This year, the rules that previously defined the wildwater boat with two basic parameters have changed. With the introduction of the new rule, one of the parameters that previously bore the typical features of a wildwater boat was canceled. The new restriction only monitors the maximum length, not the width. In previous years, the minimum width was set at 60 cm (K1), 70 cm (C1), 80 cm (C2).
The boats were given a specific shape in order to stand out on wild water. Optimal stability, dynamic and speed are expected from a boat designed primarily for wild rivers. Todays technology has been moved to next level and it is difficult to produce a more perfect and faster types. With this impulse, a new rule apparently came - "We will make a faster ship by taking its characteristic feature." At the first brief a good idea, but it turned out to be an absolute nonsense. When you think about it, you will find that it may lead to the end of the wildwater sport.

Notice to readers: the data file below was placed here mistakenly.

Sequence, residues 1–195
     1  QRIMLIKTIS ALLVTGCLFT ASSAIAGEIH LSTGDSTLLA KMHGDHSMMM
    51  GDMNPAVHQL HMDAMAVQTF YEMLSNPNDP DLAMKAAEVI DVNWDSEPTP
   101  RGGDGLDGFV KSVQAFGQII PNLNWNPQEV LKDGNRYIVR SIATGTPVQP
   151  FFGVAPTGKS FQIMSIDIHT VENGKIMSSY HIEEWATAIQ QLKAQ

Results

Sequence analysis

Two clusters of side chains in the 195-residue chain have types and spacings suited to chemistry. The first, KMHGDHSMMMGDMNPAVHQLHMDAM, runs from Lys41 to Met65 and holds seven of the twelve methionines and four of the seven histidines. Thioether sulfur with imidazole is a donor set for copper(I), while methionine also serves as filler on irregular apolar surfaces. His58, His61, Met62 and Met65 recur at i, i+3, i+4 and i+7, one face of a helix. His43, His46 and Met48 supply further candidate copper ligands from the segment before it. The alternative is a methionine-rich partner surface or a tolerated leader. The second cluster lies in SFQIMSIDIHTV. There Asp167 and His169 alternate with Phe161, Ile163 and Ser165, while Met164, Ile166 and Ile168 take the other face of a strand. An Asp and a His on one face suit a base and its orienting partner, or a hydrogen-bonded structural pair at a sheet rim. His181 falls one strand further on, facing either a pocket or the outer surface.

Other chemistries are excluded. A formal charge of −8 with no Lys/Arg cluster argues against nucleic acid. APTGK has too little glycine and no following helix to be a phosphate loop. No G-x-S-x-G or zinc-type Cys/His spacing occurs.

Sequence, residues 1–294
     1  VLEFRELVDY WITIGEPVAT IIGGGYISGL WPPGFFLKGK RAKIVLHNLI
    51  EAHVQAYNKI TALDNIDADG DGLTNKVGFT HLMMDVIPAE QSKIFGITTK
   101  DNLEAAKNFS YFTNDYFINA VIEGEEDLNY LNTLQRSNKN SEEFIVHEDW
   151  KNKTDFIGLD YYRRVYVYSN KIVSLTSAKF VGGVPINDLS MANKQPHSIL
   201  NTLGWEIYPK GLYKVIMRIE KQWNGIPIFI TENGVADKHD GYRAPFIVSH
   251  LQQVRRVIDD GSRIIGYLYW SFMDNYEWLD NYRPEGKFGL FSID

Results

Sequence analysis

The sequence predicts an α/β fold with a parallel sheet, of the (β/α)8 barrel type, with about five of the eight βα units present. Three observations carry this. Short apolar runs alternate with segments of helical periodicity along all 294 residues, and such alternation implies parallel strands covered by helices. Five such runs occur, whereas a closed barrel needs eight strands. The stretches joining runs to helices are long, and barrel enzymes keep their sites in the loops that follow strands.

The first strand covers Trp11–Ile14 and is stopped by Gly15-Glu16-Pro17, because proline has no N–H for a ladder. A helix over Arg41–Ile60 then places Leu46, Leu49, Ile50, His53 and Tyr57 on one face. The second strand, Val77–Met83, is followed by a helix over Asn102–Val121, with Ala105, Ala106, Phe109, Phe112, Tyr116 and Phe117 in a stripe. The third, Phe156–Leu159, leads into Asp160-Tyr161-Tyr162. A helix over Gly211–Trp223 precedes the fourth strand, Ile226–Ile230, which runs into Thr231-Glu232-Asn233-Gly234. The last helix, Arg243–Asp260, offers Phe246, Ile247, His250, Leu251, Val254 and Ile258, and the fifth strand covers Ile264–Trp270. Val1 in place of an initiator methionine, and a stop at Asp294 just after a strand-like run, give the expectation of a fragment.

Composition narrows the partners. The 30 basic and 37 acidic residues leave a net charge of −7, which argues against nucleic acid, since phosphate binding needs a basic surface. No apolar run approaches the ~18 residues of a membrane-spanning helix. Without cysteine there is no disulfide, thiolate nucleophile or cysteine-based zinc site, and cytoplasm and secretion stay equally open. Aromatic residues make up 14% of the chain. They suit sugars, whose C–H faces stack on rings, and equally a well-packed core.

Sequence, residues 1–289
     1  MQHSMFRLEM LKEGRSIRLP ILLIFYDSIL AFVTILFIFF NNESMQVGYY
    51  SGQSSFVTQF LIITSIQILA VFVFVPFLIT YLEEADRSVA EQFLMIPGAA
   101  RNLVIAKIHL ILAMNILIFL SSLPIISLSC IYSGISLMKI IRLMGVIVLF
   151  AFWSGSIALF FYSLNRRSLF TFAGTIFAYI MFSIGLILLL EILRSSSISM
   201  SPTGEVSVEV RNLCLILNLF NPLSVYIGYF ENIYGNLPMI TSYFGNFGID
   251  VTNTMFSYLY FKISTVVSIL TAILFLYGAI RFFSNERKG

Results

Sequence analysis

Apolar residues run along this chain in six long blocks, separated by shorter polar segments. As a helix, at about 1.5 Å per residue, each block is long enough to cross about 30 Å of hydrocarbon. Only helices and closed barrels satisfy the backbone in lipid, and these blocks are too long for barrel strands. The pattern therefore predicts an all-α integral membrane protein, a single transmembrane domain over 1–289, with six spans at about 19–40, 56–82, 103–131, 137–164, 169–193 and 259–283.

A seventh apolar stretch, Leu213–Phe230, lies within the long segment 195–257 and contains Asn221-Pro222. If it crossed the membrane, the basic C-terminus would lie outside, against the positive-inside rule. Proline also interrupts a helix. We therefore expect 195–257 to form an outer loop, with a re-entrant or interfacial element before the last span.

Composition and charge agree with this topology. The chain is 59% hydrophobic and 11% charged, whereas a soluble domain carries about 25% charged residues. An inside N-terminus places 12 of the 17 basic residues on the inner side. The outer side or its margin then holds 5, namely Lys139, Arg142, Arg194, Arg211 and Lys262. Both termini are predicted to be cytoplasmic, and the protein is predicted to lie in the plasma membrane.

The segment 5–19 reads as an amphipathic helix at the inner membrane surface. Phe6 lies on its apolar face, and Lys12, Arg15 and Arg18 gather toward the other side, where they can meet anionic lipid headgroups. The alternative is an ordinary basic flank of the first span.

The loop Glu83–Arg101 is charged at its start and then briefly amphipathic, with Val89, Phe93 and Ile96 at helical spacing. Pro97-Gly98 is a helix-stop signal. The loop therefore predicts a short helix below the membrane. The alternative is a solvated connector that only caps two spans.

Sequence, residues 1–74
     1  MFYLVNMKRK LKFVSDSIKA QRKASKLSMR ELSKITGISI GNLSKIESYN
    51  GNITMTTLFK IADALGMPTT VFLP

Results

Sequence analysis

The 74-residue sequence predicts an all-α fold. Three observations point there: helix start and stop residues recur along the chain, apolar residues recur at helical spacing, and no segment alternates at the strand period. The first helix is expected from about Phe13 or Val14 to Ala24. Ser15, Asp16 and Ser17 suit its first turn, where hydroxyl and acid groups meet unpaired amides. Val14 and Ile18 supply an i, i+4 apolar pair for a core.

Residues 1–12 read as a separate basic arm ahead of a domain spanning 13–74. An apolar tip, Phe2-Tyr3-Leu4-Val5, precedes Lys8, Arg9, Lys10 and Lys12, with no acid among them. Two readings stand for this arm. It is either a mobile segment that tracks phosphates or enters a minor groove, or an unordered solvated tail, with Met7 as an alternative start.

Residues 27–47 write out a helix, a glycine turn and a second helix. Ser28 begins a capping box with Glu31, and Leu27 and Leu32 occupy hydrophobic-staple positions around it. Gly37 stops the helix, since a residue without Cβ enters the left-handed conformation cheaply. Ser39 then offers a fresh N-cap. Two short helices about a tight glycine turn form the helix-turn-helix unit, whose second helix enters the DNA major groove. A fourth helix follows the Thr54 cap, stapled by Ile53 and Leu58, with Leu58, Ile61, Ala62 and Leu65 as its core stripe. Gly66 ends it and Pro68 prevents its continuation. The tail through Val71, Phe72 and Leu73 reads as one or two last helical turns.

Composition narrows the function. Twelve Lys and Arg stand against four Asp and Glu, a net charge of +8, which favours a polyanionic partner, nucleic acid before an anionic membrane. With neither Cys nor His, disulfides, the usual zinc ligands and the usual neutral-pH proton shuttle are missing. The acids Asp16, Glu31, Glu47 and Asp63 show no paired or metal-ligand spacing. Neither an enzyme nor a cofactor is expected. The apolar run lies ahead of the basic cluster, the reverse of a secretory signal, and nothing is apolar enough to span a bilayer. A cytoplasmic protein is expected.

Canoeing is a minority sport that doesn't rely on financial support from sponsors, companies or organizations. It is a sport where we (the comunity) are the main actors / creators, donators and we are doing everything we can to develop the best possible way.
"If I could speak for myself and for the entire coaching section - we are of the unanimous opinion that it is against the development of sports and we don‘t agree with this decision. We regret that the opinion of the largest federations has not been taken into account in deciding these rules. This undisputed topic is a shot in the dark. And no one knows how it will turn out," adds Robert Knebel, the head coach of the national team in the white water convention.
"For me, it has nothing to do with the development of sport, although some argue that it is a 'natural development of sport.' Whatever I mean by this term, this is not a natural development of the sport. Six people decided on this change, without any testing, previous experience or knowledge. They just changed the rules, and I don't think it's a "natural development," adds Robert Knebel.